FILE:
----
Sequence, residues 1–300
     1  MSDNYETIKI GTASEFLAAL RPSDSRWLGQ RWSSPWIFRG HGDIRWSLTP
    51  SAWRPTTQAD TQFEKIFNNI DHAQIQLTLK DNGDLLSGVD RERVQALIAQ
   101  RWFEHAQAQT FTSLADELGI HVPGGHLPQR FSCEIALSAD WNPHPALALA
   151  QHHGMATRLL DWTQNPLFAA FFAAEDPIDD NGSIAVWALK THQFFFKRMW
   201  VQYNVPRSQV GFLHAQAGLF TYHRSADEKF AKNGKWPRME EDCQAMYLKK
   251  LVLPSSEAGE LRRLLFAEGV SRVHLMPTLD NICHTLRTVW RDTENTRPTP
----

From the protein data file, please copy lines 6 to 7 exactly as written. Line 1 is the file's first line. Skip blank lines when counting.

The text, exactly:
   201  VQYNVPRSQV GFLHAQAGLF TYHRSADEKF AKNGKWPRME EDCQAMYLKK
   251  LVLPSSEAGE LRRLLFAEGV SRVHLMPTLD NICHTLRTVW RDTENTRPTP